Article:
Horses need dental care because horses’ teeth grow continuously until some time between the ages of 25 and 30 and the way in which they grow and are worn down must be kept in check to ensure smooth movement of their mouth.
Grass, their natural food, contains silica which is abrasive and constantly wears down the horse’s teeth. Also horses which graze on grass are constantly changing their jaw position as they reach down to graze and then raise their head to chew. Therefore a horse living on grass will be more likely to naturally polish off the surfaces of their molars into a level surface.
However most horses do not live on grass alone, but are fed other forms of forage and hard feeds. This affects how a horse grinds its food and the wear on its teeth. Less abrasive forages and grains often means that the surfaces of the teeth do not get polished off evenly.
Raised edges may appear along the edges of the molars; typically along the outside of the upper set and the inside of the lower set.
These points can be quite razor-like. The sharp points can cut into a horse’s cheeks when they chew and cause soreness where a bit or head-collar pushes the cheek against a sharp tooth.
Signs of dental problems and what to look out for
- If a horse starts to loose condition for no apparent reason or is not putting on condition despite receiving adequate feed
- Excessive salivating when eating
- Eating slowly and with effort, continuously dropping bits of half chewed food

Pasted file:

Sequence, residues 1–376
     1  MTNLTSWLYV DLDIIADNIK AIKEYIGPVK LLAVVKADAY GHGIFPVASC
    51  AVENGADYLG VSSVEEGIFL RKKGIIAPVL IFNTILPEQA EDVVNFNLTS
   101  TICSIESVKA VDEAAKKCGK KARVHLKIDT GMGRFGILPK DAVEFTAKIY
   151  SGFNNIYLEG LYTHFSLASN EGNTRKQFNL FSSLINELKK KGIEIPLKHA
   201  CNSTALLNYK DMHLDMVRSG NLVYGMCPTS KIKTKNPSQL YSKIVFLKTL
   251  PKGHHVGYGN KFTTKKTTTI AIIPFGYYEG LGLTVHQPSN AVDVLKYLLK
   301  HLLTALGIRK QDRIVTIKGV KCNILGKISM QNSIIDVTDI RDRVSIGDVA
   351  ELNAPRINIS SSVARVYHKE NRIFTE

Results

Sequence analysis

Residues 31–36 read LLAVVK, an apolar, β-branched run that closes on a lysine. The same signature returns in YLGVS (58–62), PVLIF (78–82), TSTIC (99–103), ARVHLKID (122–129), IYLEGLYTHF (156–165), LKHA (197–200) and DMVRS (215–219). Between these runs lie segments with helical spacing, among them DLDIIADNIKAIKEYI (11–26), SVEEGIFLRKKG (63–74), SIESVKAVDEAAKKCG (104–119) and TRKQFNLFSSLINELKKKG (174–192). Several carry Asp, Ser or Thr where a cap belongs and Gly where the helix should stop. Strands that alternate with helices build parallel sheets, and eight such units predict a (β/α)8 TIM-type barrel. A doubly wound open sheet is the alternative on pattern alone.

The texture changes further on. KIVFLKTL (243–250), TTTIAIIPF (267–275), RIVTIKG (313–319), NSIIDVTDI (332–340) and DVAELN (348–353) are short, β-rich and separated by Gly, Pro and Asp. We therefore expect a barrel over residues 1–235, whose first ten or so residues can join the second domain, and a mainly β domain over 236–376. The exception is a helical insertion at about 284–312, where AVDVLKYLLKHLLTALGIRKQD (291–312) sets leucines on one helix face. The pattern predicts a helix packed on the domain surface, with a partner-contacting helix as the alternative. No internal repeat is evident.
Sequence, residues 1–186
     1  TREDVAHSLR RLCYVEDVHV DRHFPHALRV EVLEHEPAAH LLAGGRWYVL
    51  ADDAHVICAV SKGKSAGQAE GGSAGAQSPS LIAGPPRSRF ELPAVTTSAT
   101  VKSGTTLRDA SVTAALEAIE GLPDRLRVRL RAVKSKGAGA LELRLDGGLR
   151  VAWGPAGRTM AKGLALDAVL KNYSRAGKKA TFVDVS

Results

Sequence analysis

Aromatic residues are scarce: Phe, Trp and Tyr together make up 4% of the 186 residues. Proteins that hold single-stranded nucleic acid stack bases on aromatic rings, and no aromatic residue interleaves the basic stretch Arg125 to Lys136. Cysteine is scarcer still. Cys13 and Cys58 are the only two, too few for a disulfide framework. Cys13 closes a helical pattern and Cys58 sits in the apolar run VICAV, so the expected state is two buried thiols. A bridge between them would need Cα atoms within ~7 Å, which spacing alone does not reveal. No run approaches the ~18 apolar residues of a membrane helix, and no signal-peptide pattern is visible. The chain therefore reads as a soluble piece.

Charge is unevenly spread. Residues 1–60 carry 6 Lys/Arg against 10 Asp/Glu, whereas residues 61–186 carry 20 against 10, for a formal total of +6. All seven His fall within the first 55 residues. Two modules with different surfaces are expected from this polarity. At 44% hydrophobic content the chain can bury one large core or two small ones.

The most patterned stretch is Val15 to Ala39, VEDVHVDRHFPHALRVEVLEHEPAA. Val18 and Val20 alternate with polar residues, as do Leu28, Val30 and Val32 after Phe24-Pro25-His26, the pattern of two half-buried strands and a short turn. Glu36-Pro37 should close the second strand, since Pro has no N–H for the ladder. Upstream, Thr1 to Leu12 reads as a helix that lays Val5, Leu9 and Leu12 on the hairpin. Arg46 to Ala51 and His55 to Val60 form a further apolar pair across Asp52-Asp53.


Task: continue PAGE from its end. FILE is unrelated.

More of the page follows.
- Other behavioral characteristics suggesting tooth problems may include unusual fussing with the bit and avoidance of bit contact
- Irritation when put into a dropped noseband
- Head tucking or head tossing and poor self-carriage
- Not wanting to have his face and muzzle handled
How to ensure good dental care for your horses
- Get a vet or qualified equine dentist, who has been referred by a vet, to check your horse’s teeth at least once a year
- With horses aged 16 or over, increase the checks to twice a year
- Horse’s teeth continue to grow throughout their lives so once a tooth is lost the corresponding tooth on the opposite jaw will continue to grow unchecked. In this situation, the remaining tooth must be rasped regularly
- Horses’ teeth wear down with age. Wear must be kept even with regular rasping to ensure efficient feeding
- Carry out regular checks for tartar, abscesses and gum disease
- A healthy diet for your horse will help keep his teeth strong.
Remember good dental care is essential for a horse’s well being. Teeth should be checked at least annually.
To learn more about equine dentistry, take a look at this video.
For more handy horse care tips, check out our other blog posts.
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